Evolution of Models of Our Stationary State Universe[1]

Sir Isaac Newton envisioned an infinite universe exempt from gravitational collapsing.  Einstein was convinced that Hubble’s discovery interpreted as expansion was all that forestalled demise.  His model of an infinite universe was an indefinitely enlarged spherical region of uniform density; he used Poisson’s equation to demonstrate collapse otherwise.  That depiction has not been relinquished by cosmologists.  A lambda fudge term that Einstein acknowledged as his most egregious error has been requisitioned as the density of supposed dark matter.  But they were wrong in their characterization of an infinitely extended universe.  Any three-dimensional model of the universe, whether finite or infinite, as an expanded sphere of a given density implies an illogical ‘outside’ of the universe with an outer surface at which any collapse must begin.  In such a simplistic characterization, we would be at the center of a non-Copernican universe.  Einstein settled on the three-dimensional universe as a surface in four dimensions a shown in figure 1.

Einstein’s and later also Hawking’s model, not Poisson’s equation, was incorrect.  There is no ‘outside’ of an infinite universe.  However large the three-dimensional sphere one chooses to represent an infinite universe (refer to the ones on the left in figure 2), there is an equally large sphere adjacent to it, which is still a part of an infinite universe.  All the rest of an infinite universe (both inside and outside the larger sphere) is symmetric about that central point of contact of the two smaller spheres, so all gravitational forces cancel at every such point and there would be no collapse.

If the left-hand sphere in figure 2 were somehow to have been filled with a higher total density of matter without affecting the surrounding uniform density, it and regions surrounding it would begin to collapse inward forcing a larger and larger exception to uniformity.  If instead that sphere was empty without affecting the surrounding uniformity, then the hole would expand indefinitely outward due to outward gravitational force on the particles at the boundary increasing the size of the hole.  But if there is a level at which the universe can be considered uniformly dense, the realities of hydrostatic pressure, preclude both these extremes.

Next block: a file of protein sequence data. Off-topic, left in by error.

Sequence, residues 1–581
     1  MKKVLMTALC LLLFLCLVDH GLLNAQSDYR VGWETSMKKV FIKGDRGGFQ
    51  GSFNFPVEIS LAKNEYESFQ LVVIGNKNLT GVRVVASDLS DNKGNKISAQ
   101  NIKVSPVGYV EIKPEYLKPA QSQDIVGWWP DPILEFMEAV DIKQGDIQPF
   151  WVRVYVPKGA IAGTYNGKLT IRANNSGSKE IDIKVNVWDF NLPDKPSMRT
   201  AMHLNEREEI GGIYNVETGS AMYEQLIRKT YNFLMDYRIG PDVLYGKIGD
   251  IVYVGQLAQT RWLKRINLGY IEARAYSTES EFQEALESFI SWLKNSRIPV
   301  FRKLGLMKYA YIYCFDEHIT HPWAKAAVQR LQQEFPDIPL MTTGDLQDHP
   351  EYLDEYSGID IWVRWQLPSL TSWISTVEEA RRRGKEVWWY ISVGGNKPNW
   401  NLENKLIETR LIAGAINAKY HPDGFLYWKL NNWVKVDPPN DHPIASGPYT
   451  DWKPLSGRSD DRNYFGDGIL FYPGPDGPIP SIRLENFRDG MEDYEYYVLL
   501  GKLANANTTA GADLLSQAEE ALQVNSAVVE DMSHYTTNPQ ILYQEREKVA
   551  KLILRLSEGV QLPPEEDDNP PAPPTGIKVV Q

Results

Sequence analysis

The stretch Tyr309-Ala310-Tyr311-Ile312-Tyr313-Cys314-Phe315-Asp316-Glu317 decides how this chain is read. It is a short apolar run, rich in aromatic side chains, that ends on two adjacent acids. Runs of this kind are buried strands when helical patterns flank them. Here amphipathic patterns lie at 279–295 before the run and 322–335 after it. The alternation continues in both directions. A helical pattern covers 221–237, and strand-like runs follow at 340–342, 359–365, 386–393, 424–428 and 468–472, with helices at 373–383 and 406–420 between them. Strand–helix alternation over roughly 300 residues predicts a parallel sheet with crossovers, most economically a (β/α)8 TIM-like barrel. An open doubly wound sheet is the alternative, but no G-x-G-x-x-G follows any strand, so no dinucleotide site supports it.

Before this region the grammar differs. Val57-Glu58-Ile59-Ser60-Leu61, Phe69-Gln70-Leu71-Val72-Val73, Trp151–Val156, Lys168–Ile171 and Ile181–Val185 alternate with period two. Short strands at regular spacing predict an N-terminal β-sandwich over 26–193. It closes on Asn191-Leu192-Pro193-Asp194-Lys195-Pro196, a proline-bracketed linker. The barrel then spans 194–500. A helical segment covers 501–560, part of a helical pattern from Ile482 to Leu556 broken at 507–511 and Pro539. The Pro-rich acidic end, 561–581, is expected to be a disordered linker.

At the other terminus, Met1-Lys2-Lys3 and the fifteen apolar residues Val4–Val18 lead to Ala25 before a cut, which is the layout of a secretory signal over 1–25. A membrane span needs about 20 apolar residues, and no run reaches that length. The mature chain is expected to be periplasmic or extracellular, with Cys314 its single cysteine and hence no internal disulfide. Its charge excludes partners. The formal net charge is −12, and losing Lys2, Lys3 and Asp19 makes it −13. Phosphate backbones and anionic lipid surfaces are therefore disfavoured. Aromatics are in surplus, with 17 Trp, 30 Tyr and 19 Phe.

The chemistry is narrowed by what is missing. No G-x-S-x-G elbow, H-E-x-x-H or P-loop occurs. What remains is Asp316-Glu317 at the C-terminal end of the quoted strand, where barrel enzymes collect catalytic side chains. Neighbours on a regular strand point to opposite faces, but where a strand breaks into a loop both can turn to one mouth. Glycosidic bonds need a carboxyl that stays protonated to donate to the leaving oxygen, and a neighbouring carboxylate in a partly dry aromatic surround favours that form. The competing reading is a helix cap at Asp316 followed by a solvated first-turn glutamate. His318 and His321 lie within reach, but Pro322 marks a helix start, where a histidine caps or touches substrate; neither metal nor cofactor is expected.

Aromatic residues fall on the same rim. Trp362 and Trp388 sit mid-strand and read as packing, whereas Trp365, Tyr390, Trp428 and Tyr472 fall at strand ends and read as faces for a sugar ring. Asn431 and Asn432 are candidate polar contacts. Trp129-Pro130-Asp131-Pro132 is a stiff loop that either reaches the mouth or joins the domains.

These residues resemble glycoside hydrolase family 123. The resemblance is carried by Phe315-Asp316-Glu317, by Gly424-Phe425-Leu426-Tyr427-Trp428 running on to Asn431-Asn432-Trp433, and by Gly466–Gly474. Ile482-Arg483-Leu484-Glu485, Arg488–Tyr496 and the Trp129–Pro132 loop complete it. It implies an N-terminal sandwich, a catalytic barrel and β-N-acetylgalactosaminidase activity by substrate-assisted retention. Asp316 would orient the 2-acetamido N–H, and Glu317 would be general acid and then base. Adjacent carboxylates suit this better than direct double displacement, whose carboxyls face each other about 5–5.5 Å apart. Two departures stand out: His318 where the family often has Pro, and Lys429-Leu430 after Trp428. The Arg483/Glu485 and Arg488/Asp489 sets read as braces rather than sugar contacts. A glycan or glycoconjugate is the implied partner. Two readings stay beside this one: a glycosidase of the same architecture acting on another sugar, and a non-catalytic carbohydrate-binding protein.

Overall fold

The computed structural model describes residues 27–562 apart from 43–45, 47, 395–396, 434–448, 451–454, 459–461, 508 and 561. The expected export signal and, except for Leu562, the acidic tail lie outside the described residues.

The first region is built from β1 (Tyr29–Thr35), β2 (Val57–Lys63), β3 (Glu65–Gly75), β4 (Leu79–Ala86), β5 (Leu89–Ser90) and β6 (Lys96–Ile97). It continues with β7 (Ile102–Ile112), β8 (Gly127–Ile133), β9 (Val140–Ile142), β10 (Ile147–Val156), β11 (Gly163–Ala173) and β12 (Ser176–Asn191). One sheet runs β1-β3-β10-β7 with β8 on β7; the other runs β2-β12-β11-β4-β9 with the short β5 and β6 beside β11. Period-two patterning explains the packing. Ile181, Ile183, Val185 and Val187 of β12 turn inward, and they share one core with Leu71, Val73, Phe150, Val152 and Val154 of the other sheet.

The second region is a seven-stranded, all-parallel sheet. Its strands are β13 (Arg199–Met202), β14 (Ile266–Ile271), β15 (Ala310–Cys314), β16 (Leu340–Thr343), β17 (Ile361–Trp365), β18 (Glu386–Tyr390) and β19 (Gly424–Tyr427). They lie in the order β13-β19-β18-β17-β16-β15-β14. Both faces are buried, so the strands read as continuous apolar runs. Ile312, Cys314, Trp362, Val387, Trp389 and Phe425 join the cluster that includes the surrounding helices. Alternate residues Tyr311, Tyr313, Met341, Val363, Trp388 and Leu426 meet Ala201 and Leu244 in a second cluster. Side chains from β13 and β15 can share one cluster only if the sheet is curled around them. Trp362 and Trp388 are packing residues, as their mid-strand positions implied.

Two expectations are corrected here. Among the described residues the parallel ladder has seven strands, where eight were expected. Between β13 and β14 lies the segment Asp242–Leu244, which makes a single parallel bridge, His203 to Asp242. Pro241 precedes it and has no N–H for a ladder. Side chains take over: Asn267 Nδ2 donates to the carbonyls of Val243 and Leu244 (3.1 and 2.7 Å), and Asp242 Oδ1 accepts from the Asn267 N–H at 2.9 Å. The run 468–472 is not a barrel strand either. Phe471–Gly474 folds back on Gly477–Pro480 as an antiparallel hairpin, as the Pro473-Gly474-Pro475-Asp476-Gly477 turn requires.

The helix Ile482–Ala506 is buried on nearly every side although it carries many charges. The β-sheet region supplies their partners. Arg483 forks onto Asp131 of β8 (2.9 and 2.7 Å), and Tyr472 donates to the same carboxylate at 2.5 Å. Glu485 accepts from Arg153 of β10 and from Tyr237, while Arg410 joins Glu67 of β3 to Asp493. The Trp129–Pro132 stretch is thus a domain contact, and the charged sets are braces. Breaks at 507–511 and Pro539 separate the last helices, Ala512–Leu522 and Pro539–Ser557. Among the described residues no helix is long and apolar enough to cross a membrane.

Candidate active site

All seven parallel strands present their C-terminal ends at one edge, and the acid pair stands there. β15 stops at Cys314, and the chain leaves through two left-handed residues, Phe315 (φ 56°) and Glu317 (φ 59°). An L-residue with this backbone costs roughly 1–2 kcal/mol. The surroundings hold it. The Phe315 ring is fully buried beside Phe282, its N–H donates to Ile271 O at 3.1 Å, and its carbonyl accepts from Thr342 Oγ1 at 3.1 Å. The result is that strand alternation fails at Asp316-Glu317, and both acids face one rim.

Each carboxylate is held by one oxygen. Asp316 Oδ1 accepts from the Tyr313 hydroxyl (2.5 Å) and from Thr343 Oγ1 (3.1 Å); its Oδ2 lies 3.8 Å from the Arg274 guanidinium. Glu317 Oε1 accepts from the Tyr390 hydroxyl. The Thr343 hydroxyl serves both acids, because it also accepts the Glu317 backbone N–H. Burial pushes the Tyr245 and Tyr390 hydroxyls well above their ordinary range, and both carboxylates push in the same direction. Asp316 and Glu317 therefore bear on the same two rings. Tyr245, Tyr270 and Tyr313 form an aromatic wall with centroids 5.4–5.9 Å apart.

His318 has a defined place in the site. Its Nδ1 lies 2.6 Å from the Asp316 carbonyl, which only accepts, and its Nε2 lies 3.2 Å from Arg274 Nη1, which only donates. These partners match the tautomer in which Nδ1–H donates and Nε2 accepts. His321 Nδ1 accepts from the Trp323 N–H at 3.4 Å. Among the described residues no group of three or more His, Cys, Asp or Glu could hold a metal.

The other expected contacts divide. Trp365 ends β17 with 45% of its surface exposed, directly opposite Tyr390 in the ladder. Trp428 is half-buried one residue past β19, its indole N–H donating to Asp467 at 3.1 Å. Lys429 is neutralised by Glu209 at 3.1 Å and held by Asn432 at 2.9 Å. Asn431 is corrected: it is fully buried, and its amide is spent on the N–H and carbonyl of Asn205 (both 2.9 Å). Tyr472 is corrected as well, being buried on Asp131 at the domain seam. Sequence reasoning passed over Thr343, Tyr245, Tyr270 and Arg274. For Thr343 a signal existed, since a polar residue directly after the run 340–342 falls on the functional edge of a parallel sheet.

Of course uniformity at the detailed local level of our universe is unrealistic to say the least.  Random variations are required of a realistic dynamic model of the universe; that would produce over and under densities in the uniformity.  One of the more egregious of Einstein’s errors was in depicting an exclusively gravitational universe.  Any adequate model of the universe must include thermodynamic considerations with its ideal gas law for which a stable uniform mass density would be associated with uniform temperature and pressure.  Realistic situations of higher temperature and pressure in a denser clump would produce a low-density moat with pressure limiting infalling matter from its outer regions, stability ultimately resulting.  A void would be filled in by diffusion due to pressure from the outside until a spherical declivity was filled in enough to counter the outward gravitational force.  And unless matter were to have been inserted or extracted from the general uniformity, hydrostatic equilibrium would be maintained with uniformity established at a higher level of granularity.  In either of these cases there will be a gravitational clumping toward the center of a left-most spherical region surrounded by a less dense region out to where uniformity is realized at the interface to the sphere where counter forces cancel.  This is because all symmetrically organized forces external to the two smaller spherical regions nullify each other.  This is shown in figure 3 with typical functionalities of density, temperature, and pressure based on the beta model of galaxy cluster domains shown in figure 4.  Variable density regions will expand until average density is reduced to the average uniform density and pressure values, with cancelation of forces at the boundaries with a Voronoi tessellation of space.  The averages of temperature and pressure follow mass density at hydrostatic equilibrium as shown.